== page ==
There are several forms of fee simple ownership:
Tenants in Common
A form for taking title when two or more people buy property and own it together with either equal or unequal shares. If any one of the tenants in common dies, the interest passes to the heirs, not to the remaining tenants.
Joint Tenants with the Right of Survivorship (Survivorship Tenancies)
Two or more persons may acquire title to real estate. Each has an undivided percentage interest in the property. Upon death of one of the joint tenants, their particular interest automatically passes to the surviving tenants.
Tenancy by the Entireties
A husband and wife could acquire title to real estate. Each has full ownership to the real estate. Their individual creditors cannot foreclose on their interest in the real estate. Upon death of one, the other is the owner of the entire fee. Note: Tenancies by the Entireties were replaced by Survivorship Tenancies on April 4, 1985 and are no longer available in Ohio.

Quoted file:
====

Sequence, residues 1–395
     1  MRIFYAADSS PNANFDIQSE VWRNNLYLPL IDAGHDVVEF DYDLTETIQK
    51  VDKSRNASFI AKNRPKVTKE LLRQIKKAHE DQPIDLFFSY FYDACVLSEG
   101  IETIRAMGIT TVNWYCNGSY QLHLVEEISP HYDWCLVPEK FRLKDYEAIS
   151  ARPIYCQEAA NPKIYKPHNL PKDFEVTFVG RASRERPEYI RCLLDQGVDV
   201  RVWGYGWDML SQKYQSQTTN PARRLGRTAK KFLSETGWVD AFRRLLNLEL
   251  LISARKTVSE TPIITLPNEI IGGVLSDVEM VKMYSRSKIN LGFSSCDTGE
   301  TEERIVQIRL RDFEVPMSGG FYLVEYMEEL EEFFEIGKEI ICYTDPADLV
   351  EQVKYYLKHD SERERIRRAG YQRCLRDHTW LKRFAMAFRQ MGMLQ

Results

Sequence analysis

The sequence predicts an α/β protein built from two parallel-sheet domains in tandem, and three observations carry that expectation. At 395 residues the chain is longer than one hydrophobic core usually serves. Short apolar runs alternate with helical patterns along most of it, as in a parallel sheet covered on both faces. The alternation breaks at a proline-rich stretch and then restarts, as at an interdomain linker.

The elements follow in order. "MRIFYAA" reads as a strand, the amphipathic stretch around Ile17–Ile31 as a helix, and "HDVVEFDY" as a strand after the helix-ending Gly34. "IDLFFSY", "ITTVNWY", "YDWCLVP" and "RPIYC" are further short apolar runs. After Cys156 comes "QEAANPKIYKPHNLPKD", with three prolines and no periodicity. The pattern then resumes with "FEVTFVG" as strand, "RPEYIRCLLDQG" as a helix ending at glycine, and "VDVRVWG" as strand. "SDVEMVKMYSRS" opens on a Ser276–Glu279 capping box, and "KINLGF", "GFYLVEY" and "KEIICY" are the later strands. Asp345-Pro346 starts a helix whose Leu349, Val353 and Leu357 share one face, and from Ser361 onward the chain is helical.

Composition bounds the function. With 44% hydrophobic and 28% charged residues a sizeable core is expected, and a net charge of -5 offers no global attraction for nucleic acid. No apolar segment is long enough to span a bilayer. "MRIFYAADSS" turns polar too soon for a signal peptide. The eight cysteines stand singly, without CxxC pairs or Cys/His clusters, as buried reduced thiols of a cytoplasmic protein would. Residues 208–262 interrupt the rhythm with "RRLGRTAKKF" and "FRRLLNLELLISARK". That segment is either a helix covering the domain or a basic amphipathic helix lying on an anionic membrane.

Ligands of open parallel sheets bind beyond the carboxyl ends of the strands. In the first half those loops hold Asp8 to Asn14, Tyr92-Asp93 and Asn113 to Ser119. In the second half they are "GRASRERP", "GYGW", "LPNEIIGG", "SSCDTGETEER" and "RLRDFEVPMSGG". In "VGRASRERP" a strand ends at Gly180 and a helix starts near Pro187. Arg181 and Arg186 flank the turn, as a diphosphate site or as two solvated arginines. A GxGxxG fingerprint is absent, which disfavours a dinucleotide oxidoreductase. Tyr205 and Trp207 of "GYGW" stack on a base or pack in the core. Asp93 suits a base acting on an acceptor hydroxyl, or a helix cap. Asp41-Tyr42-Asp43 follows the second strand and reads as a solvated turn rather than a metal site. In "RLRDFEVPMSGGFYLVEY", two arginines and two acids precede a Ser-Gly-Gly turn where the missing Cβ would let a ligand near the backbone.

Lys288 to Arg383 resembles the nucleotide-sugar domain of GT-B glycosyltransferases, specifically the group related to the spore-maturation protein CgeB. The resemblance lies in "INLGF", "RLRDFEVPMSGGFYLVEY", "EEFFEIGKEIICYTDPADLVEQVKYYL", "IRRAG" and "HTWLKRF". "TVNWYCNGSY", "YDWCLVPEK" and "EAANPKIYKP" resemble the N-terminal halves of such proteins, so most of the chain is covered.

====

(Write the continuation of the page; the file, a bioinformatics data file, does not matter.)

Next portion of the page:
Transfer on Death Designation
As of December 28, 2009 Ohio eliminated the Transfer on Death Deed and replaced it with the Transfer on Death Designation Affidavit. A property owner may designate on the affidavit the party or parties who should receive title after the property owner dies. The affidavit does not create a present interest in the real estate for the beneficiary or beneficiaries, yet it avoids probate and the property transfers immediately upon the death of the property owner. The affidavit must be recorded prior to the death of the property owner to be effective. (Transfer on Death Deeds filed prior to December 28, 2009 are still recognized.)